What Is The Average Hiking Speed (+ 4 Ways To Increase It)
Hiking is not a sport; it is about recreation, nature, and body and soul. There is no competition. It’s all about the hiker. As a result, in general, hiking speed is irrelevant.
Nevertheless, many readers ask what the average hiking speed is. This article will show you some interesting numbers about hiking speed, what factors influence it, how to measure your personal hiking speed, and tips on how to increase your pace.
What Is the Average Hiking Speed?
Because hiking is recreational in every sense, there is no such thing as an ideal hiking speed.
Not all hikers are the same. Differences between hikers range from age and gender to their level of physical fitness. No one can determine a good hiking pace for you except yourself. Hikers of all skill levels can cover daily distances of any length.
According to some sources, adult hikers average 2.5 miles per hour without stopping, with a 1.5 to 3.5 mph hiking speed range. The important takeaway from this discrepancy is that the average hiking speed is entirely subjective.
6 Factors That Influence Hiking Speed
There are no equal hikers. However, your hiking speed can be impacted by various factors that must be considered anytime you intend to hike:
- 1. Elevation/Incline: Hiking on level terrain is one thing; hiking on an elevated one can be daunting. Hills and mountains are examples of elevated surfaces. It is typical to slow down when traveling uphill owing to the additional effort needed.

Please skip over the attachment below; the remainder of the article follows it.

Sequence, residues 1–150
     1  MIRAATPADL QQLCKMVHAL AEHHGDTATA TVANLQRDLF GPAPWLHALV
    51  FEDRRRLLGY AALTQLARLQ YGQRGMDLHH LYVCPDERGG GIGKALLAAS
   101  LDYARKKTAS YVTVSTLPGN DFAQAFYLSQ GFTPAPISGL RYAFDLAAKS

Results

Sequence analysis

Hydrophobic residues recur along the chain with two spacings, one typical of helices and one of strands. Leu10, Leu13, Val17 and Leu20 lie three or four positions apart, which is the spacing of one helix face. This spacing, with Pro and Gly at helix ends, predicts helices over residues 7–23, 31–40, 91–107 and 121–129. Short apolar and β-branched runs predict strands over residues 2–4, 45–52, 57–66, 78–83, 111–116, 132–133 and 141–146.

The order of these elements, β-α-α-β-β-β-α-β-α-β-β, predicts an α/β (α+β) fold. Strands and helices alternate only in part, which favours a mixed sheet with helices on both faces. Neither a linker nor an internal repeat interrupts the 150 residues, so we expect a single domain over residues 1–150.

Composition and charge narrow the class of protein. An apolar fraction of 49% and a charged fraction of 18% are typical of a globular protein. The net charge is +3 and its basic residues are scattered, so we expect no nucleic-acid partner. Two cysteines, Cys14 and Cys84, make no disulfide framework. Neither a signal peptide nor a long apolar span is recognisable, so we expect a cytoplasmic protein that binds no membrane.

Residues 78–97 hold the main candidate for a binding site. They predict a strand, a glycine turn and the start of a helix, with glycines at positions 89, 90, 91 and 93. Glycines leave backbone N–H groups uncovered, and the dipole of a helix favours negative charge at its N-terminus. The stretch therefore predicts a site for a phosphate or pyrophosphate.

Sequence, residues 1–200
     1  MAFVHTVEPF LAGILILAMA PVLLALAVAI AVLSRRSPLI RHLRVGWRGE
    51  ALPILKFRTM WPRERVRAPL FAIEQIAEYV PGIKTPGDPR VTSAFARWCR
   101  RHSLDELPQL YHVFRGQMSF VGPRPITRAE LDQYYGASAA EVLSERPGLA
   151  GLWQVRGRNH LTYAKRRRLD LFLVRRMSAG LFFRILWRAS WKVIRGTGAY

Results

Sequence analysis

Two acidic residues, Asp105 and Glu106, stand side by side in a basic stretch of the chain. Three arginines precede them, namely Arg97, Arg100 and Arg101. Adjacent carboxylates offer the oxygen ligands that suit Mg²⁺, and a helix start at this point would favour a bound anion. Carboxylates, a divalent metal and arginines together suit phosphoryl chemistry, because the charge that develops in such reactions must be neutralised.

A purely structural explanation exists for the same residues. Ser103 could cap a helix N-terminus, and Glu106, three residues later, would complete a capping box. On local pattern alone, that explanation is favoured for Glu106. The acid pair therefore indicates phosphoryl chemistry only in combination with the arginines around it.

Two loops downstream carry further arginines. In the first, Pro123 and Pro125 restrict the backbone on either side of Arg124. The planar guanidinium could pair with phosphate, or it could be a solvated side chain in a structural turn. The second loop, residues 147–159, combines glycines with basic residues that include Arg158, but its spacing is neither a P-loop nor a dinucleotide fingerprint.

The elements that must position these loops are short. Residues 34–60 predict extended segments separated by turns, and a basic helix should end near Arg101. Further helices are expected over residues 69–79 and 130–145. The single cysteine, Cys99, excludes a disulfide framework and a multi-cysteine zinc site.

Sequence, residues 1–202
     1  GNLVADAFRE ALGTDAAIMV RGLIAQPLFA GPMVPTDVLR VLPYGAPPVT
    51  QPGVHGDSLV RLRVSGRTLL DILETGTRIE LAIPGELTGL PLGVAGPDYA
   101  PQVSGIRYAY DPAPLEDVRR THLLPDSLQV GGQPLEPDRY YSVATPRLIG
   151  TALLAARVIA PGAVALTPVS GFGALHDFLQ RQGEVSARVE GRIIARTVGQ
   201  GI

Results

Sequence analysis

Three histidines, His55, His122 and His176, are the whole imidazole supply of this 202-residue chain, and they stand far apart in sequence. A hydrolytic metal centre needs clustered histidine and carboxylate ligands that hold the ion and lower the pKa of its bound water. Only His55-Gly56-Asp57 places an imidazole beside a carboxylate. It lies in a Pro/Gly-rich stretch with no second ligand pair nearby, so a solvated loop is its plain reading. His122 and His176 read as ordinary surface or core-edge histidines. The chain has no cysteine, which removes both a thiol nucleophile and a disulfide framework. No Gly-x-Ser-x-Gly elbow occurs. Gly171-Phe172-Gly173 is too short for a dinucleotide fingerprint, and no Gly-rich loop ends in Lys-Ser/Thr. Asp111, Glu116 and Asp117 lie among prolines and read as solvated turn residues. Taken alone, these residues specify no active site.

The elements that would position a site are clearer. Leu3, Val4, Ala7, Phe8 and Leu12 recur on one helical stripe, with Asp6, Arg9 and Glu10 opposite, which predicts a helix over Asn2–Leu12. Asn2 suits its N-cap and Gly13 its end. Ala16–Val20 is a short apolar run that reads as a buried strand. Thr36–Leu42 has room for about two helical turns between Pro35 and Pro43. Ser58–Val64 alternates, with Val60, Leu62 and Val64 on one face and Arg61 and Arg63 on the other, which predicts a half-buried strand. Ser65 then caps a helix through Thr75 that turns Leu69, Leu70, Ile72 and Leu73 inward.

- 2. Weight of Your Hiking Gear: This is a significant factor when it comes to hiking pace. Hiking with a hefty backpack will undoubtedly reduce your pace. In other words, if you want to increase your speed, you should keep your bag as light as possible.
- 3. Personal Fitness level: This, however, is quite essential. Cardiovascular fitness, muscle strength, and general health all play a part in hiking pace. If you’re new to trail running or elderly, it’s expected that maintaining your top speed for the duration of a long hike is improbable.
- 4. Weather: Different seasons significantly affect hiking. Heavy rain, high temps, strong winds, and snow are all factors that can slow down your hiking speed. This means that you will need to seek shelter when the need arises.
- 5. Terrain: The complexity of your terrain will also influence your pace. Leveled trails are the best for moving at your maximum speed. Trails that are rocky, muddy, snowy, or icy, on the other hand, will certainly slow you down.
- 6. Knowledge of the Hiking Trail: A trail with which you are unfamiliar will naturally force the hiker to be more cautious, slowing the hiker down and prolonging the amount of time it takes for the intended goal. The more familiar a path is, the faster you are likely to be.
How to Find Out Your Personal Hiking Speed
You may want to keep track of your hiking speed not just for competition’s sake but also to time your progress and be aware of your limitations. Hiking speed can be measured in a variety of ways.